Translated by

Roselle (Hibiscus sabdariffa) is a species of Hibiscus native to West Africa. It's found in many places around the world, including Ghana, India, Senegal, Mali, Nigeria, Congo, Gambia, Malaysia and elsewhere. In the various countries, the plant is known by different names. It's called rosella fruit, carcade and others. Roselle earned worldwide popularity thanks to the red Hibiscus tea made from it.

Roselle is a shrub about 10 ft (3 m) tall. It's distinguished by elongated, light green leaves, several of them growing from a single red stem. The flowers are relatively large, deep red, reaching up to 4″ (10 cm) in diameter. Roselle is a highly valued plant, since nearly every part of it is used for something, whether for cooking or medicine.

Composition of Roselle

The plant contains numerous beneficial substances, making it an exceptionally valued representative of the flora. Roselle is a source of tartaric acid, citric acid and maleic acid. It also contains amino acids, proteins, glycosides, flavonoids and polysaccharides.

Hibiscus Tea

The plant gained popularity all because of the warm beverage of the same name - roselle. It has been made since the time of the pharaohs and Egyptian priests. It was called the "drink of the gods".

Hibiscus tea

To prepare the tea, the calyces of the roselle flower are used. Once the flower over-blooms, the calyx becomes significantly larger, obtaining a fleshy appearance. Then the calyces are collected and processed, to produce the warm beverage.

Hibiscus tea from roselle stands out with its sweet-and-sour taste. It refreshes and tones. The drink captivates not only with its taste but with its impressive floral fragrance also. The tea tastes amazing both warm and cold.

This fact makes it a preferable drink not only during the cold months but during the summer heat waves. Interestingly, when drunk warm, the beverage raises blood pressure. When cooled, it lowers it. Hibiscus tea is renowned for its endless health benefits as a component of various other beverages, such as cocktails and shakes.

Cooking with Roselle

Roselle has various applications in cuisine. The fresh leaves of the herb are used in salads. The seeds of the plant are used as a spice. When ground, they are put into stews, soups, risottos and casseroles.

Roselle is also used to make other types of beverages, besides hibiscus tea. In Jamaica, for example, they use the flowers to prepare a drink, to which they also add rum, honey (or sugar) and ginger. In Trinidad and Tobago, the fragrant plant is used to make a special type of local beer.

In Panama, they mix a drink with roselle flowers, and besides ginger and sugar, they add further flavor to it with cinnamon, cloves and nutmeg. Locals in West India and Mexico prepare a special drink with the exotic plant for certain family occasions.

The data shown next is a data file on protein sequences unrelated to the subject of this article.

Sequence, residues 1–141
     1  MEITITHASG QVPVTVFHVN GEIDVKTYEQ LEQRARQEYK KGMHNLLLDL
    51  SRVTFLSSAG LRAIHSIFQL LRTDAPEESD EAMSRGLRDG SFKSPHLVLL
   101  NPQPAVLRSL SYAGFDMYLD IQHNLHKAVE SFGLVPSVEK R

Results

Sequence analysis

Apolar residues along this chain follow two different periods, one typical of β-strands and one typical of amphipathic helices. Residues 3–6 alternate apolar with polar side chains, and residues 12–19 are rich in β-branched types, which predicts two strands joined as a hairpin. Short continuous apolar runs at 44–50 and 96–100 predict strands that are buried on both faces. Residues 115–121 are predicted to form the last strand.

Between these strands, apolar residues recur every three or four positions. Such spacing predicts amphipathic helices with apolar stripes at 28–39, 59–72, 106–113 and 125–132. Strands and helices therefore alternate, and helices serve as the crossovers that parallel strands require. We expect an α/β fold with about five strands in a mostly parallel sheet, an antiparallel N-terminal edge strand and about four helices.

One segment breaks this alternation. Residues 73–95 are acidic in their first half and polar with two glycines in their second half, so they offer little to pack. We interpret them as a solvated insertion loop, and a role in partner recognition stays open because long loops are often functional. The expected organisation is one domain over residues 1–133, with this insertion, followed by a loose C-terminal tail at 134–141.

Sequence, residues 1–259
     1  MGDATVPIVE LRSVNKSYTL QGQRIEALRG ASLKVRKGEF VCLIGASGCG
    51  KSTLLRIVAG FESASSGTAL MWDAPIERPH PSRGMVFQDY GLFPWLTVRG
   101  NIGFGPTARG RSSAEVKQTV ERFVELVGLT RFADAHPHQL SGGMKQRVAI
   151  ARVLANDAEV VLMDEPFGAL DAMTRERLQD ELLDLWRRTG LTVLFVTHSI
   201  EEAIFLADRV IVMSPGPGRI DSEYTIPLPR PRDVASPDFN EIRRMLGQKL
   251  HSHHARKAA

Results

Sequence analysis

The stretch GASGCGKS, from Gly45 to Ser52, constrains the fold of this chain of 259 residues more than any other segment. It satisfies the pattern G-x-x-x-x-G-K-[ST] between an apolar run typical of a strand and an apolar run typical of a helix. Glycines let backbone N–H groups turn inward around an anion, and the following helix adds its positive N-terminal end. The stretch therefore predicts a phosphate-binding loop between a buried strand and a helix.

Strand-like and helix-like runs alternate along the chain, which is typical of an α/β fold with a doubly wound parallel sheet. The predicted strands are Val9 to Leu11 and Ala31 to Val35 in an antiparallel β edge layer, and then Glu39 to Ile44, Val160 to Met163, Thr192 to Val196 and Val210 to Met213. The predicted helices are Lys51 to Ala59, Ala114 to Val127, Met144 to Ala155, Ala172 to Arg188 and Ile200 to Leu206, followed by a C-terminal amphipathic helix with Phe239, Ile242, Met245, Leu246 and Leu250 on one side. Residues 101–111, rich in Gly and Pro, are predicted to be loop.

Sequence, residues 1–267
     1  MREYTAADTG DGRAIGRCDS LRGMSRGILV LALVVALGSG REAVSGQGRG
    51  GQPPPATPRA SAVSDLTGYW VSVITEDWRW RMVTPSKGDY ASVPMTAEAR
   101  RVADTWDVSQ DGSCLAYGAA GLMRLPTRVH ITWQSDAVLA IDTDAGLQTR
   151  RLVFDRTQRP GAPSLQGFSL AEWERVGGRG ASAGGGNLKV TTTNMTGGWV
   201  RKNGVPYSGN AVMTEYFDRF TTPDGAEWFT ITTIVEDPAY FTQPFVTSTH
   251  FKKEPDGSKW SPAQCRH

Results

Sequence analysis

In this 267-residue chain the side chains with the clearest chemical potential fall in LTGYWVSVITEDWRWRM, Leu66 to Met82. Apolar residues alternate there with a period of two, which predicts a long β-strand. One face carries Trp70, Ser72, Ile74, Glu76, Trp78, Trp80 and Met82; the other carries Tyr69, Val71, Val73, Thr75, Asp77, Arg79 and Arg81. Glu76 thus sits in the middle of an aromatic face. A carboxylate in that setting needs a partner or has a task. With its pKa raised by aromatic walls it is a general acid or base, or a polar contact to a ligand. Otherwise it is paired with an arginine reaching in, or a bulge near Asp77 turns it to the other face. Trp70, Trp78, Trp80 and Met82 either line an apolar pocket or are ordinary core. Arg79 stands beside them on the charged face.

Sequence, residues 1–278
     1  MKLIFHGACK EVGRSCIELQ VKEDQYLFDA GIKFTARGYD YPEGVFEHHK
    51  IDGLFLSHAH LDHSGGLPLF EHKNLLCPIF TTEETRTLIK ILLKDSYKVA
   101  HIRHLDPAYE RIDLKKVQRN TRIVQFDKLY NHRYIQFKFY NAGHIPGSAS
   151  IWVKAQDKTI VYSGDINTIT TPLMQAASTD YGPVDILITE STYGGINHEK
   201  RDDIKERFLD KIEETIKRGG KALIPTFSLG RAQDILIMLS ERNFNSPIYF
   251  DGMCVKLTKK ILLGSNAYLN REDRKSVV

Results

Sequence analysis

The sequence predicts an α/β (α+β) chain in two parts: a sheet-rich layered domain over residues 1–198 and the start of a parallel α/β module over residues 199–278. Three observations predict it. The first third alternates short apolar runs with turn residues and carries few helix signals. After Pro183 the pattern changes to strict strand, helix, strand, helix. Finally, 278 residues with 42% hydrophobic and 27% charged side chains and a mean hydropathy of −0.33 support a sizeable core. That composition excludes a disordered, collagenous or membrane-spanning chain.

Infusions of the herb are highly cherished in Senegal, Mali and Gambia. Well chilled, they add the perfect finishing touches to not only cocktails and juices but also ice creams and creams. The best part is, the resulting dessert will have quite healthy properties.

Roselle jam

In China, they use the same plant to whip up a drink which they combine with green tea and wine. They also love eating the petals of this species of Hibiscus, after having candied them beforehand. The plant is also used to make jellies, compotes, sauces. Other uses of roselle include adding color to canned pears, pineapples and quinces.

Benefits of Roselle

The benefits of roselle have been known to people for many centuries. The plant has an overall strengthening and toning effect. It acts as a diuretic and helps with kidney problems. According to the many studies, this species of Hibiscus helps decrease the levels of harmful fats and bad cholesterol in the body. It also protects against heart attack and stroke.

The plant strengthens blood vessels and has beneficial effects on the gastrointestinal tract and liver. It soothes the nervous system, which is why it's recommended for people who have a more fragile psyche and often find themselves in a depression or feel an unwarranted sense of fear. Due to its sweet-and-sour taste, Hibiscus tea is also recommended for hangovers. It provides energy and quenches thirst.

The herb helps against cold and flu, plus alleviates spasms. Regular use of it in the form of tea will definitely improve the condition of your internal organs and fuel your body with the vitamins and acids it needs, making it healthy and toned.

Hibiscus tea has the ability to normalize blood pressure, as mentioned. A study done not too long ago, which included people aged 30-70 with high blood pressure, showed that Hibiscus tea lowered their blood pressure by 7.2%.


Today`s top articles


Give your rating: